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The picture that reveals why men and women's brains really ARE different: The connections that mean

Discussion in 'Other Health News and Research' started by ggingues, Dec 3, 2013.

  1. ggingues

    ggingues $10 gift code at iHerb GAS343 of $40

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  2. Snow Leopard

    Snow Leopard Senior Member

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    The idea that women are inherently better at multitasking is currently disputed in the scientific literature and is most likely a myth...

    By the way, the actual article doesn't discuss "multitasking" at all, it seems the media are having a bit of fun and making up claims as they usually do...

    http://www.pnas.org/content/early/2013/11/27/1316909110.abstract

    It is an interesting study, but the findings are not strong enough for them to be able to accurately distinguish between a female and male brain with high specificity and sensitivity.
  3. Iquitos

    Iquitos Senior Member

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    And they casually mention the fact that this imaging does not tell us whether those brains got that way because of cultural conditioning or genetics or what. As usually, they want to emphasize the differences and ignore the similarities between male and female, and the huge overlap of commonality amongst individuals.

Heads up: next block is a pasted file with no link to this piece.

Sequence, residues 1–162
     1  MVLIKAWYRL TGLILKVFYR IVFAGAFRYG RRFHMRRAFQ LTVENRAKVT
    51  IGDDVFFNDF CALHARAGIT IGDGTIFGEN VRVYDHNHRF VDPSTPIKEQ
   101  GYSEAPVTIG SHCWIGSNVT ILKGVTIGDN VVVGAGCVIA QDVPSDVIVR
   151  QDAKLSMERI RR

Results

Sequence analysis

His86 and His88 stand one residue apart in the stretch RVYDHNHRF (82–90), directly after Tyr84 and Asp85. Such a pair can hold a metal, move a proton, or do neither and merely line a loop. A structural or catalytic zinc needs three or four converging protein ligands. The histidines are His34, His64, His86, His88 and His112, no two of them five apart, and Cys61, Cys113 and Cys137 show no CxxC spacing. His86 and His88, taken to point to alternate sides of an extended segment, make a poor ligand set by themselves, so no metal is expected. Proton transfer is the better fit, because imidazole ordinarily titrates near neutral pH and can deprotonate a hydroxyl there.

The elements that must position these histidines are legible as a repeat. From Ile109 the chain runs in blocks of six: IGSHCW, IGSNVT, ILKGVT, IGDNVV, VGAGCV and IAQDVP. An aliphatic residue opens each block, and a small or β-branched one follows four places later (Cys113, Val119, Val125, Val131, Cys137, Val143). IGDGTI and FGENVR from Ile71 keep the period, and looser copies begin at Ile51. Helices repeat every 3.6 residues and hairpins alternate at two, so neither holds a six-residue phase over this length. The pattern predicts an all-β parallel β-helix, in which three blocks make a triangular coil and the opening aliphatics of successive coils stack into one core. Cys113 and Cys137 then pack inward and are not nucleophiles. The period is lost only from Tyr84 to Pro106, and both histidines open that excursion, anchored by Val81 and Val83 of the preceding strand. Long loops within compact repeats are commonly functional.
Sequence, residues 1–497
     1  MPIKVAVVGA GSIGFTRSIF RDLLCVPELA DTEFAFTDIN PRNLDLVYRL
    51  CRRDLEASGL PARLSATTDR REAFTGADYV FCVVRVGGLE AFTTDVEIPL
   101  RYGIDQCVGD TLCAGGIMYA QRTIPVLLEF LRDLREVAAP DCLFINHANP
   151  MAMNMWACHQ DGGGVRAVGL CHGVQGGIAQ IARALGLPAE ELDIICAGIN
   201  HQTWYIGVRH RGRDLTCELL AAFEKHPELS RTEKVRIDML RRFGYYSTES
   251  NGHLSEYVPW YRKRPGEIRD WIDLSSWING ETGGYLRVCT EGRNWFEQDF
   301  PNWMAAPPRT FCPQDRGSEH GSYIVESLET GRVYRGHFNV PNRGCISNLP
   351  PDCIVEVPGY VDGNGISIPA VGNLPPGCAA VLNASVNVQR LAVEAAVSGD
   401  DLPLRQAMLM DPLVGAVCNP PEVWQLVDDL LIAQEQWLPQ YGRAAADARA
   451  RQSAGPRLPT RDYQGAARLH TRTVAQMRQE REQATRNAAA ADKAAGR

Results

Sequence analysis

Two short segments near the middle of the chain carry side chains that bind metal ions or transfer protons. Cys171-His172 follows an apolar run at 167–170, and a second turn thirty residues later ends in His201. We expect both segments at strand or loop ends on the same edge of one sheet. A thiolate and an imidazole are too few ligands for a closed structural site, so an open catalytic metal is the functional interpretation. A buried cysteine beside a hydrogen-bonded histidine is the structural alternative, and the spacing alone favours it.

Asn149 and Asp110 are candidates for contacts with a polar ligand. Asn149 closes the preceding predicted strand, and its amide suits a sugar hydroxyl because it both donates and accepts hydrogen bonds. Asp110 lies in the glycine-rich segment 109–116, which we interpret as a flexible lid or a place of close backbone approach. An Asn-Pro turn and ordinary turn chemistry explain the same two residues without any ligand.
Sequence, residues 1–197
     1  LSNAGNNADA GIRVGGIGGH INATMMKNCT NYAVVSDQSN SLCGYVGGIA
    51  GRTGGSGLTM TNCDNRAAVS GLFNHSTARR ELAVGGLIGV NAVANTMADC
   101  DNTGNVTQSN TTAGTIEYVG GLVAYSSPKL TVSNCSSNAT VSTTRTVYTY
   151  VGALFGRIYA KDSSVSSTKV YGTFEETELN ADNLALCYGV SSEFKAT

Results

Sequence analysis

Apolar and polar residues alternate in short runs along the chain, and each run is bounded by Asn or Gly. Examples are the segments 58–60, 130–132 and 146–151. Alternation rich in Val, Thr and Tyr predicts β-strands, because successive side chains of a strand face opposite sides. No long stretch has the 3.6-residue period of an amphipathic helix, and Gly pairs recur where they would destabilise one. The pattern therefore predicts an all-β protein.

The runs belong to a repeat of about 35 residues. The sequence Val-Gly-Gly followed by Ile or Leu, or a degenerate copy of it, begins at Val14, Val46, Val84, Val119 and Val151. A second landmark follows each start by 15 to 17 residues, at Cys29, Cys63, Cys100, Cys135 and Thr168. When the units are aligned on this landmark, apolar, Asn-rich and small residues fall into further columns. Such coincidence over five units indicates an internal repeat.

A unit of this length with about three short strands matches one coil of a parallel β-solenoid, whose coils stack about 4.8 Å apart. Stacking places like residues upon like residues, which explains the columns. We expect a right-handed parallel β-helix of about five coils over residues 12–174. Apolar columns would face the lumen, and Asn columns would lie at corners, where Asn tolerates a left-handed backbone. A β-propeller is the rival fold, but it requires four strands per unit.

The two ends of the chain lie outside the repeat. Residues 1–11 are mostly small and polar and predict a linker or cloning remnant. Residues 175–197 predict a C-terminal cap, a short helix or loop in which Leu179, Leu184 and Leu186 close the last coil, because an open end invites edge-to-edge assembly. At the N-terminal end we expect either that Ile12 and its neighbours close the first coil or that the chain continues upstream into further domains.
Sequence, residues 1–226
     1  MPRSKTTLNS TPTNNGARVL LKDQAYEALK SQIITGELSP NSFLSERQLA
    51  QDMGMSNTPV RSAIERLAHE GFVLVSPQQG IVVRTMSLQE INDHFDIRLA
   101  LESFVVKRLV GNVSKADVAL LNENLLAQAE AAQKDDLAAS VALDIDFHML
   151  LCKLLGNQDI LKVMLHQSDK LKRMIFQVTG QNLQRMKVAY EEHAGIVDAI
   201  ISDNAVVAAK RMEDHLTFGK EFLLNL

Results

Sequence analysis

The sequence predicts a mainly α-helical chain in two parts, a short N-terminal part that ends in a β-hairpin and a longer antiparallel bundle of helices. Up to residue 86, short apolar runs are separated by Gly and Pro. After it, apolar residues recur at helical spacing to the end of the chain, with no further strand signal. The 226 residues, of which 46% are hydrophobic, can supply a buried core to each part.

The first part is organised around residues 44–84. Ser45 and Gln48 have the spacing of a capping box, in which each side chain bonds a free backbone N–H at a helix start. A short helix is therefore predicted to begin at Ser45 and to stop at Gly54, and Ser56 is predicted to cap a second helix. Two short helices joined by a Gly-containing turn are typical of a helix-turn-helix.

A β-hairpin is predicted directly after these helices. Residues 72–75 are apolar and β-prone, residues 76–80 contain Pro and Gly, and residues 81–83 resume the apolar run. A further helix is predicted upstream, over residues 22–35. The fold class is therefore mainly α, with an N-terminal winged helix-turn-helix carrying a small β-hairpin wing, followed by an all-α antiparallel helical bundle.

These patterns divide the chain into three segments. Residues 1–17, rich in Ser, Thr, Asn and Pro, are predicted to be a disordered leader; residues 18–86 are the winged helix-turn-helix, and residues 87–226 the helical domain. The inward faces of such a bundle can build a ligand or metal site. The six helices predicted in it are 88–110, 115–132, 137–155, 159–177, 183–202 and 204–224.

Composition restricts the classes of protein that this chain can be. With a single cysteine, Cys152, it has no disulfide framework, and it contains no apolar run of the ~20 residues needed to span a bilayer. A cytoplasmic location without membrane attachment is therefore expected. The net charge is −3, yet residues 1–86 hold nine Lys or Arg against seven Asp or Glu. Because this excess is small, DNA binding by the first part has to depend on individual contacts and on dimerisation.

Snow Leopard likes this.
  4. Mya Symons

    Mya Symons Mya Symons

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    I remember my socially teacher talking about something similar. Evidently, they did some experiments. They had women and men go into a room and sit down for a few minutes. They did not tell them what the study was about. When they came out, they asked them each to name what they saw in the room. The women remembered much more about the room and the objects in the room than the men. Then they took both men and women to an underground tunnel system individually. They asked them to go North, South, East or West or head towards a familiar landmark above ground. The men more than the women went in the correct direction. Somehow they connected this to women's brains being more multitask orientated and men's brains being more spatial or some such thing. My instructor thought it had something do with men being hunters for thousands of years (they had to travel long distances and find their way back) and women being gathers (they had to remember where the best plants were and what was poisonous and not poisonous AND take care of the children at the same time).
    Last edited: Dec 4, 2013
    Dolphin likes this.
  5. SilverbladeTE

    SilverbladeTE Senior Member

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    Somewhere near Glasgow, Scotland
    obviously we DID evolve to fit roles in our ancestors lifestyles over vast time
    but, Humans are a *spectrum*, in all ways, we just have potential predispositions is all

    Men are larger, have better hand eye coordination, have more tendency to psychopathic *traits*, because that was good for our ancestors way of life.